How much technology is the “right” amount? How do we reconcile our traditional teaching practices with a digital world? Here’s a list of common technologies available for the writing classroom and some links to help use them more effectively.
ReggieNet is the Course Management System (CMS) used by Illinois State University. You may already be familiar with other CMS’s such as Blackboard – ReggieNet, however, is built on the Sakai framework.
This overview is meant to provide a basic grounding in the tools and options available to you in ReggieNet. Many of the materials here (all the video tutorials, in particular) are from the Center for Teaching and Learning (CTLT). To access these material directly, go to the ReggieNet Instructructor Support Materials on the CTLT website.
Please note: ReggieNet will only work after you publish your course via the Site Editor. To do this, please see #3 – The Site Editor.
In a hurry? Here’s our Quick ReggieNet Page. It only covers Assignments, Discussions, and Discussion Forums, but that’s usually enough to get a good start.
The submitting and grading of assignments is one of the most important aspects of any course, particularly a writing- and activity-intensive course for the Writing Program. ReggieNet offers several options for assignment uploads – here’s a quick look at your options:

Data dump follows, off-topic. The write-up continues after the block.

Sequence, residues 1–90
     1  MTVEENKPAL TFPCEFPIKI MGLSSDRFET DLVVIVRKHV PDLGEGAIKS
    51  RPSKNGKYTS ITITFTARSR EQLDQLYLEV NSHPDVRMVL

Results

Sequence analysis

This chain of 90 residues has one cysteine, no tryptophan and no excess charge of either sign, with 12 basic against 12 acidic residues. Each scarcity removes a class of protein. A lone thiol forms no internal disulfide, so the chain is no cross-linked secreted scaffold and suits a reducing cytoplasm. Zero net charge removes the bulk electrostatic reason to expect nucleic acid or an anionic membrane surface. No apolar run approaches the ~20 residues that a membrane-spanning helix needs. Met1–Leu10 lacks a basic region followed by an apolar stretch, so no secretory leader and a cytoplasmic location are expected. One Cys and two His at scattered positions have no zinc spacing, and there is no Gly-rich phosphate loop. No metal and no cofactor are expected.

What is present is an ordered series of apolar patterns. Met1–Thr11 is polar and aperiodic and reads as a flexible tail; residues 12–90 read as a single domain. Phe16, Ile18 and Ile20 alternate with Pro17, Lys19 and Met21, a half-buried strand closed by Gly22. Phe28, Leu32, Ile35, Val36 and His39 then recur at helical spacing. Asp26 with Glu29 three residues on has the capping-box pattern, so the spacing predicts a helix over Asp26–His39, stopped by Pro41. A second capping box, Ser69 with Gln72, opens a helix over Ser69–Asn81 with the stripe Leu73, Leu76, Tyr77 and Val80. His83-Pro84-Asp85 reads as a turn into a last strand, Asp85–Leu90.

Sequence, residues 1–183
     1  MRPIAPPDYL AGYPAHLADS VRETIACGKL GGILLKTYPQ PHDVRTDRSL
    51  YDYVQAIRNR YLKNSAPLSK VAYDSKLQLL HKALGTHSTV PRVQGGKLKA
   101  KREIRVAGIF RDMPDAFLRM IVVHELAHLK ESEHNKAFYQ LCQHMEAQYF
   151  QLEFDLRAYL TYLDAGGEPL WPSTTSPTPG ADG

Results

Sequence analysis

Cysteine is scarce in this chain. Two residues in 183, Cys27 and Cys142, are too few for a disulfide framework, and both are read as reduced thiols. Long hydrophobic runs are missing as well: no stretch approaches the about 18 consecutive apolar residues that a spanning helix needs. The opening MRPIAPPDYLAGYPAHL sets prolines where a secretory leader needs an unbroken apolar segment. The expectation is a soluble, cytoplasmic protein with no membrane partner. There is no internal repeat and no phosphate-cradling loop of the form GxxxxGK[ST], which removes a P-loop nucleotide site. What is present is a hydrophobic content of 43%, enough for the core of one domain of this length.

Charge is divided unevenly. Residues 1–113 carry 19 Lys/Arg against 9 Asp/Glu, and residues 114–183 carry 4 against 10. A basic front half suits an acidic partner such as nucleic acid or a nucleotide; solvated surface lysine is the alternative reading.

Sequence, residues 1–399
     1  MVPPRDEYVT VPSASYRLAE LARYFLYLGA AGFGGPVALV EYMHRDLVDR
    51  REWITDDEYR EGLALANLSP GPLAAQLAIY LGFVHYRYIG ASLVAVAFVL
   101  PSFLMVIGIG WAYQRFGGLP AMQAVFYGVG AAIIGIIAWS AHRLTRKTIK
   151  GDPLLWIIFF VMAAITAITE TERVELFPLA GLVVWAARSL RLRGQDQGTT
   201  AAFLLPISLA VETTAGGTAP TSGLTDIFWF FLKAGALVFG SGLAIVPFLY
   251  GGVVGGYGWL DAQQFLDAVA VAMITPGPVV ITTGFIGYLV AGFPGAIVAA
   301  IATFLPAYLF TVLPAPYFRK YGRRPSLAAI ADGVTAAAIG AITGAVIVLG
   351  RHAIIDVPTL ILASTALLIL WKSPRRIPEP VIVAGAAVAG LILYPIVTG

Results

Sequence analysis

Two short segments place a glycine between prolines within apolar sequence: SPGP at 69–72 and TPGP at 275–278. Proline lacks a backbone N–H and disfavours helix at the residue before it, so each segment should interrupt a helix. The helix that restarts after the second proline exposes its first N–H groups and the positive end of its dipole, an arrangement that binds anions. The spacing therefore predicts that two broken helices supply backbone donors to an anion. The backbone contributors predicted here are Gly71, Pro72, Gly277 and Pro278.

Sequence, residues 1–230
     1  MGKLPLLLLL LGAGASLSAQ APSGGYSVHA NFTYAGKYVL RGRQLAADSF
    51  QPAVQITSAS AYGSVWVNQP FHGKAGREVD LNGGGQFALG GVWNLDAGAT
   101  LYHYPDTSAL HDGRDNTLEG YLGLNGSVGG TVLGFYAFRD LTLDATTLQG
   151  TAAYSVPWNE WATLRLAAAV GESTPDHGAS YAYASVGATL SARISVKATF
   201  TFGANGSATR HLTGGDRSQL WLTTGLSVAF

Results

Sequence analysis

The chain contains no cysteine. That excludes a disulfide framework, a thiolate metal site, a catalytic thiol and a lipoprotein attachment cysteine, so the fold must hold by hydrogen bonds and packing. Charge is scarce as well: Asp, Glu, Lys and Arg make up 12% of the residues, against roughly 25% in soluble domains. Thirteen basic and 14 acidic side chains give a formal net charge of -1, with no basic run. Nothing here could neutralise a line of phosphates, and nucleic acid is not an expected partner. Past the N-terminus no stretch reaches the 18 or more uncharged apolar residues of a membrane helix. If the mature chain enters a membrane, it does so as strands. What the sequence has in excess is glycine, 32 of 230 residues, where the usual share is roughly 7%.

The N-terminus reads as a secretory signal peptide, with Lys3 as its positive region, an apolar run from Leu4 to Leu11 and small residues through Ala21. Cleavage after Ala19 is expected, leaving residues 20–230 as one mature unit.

One of the best parts of using an online platform like ReggieNet is the ability to foster student collaboration. With ReggieNet, students don’t have to worry about finding times to meet outside of class – instead, they can work together from the comfort of their individual dorm rooms, and you can read their work from the comfort of home. (Unless, of course, you’re still at the office grading papers…)
ReggieNet offers two tools for leading online discussions, the Discussions tool and the Discussion Forums tool. To avoid confusion, I recommend only using one of these two tools – below, we have CTLT videos for each tool.
The Discussions tool is the one you’ll have by default. It offers good links within ReggieNet, particularly if you’d like to use the Modules or Announcements to link to your individual discussions. However, the Discussions tool is a pain when it comes to grading. To grade your discussions, you first need create an item in your gradebook for each discussion, and then manually connect it to the discussion you’re grading.
Online technologies allow for asynchronous, delocalized collaboration. This not only means your students can avoid those awkward group meetings where one person never shows up, but it also means that you can have direct evidence of which students are contributing the group’s efforts.
Fellow teachers often find it “unusual” that I would recommend Facebook as a teaching tool. However, the factors which make Facebook such a popular (and powerful) tool for social media can also make it a highly effective means of fostering interaction among your students – so long as you mind your privacy settings. Or, for a step-by-step guide to setting up a group, go straight to the WikiHow.com guide: Creating Your Facebook Group.
by Ryan Edel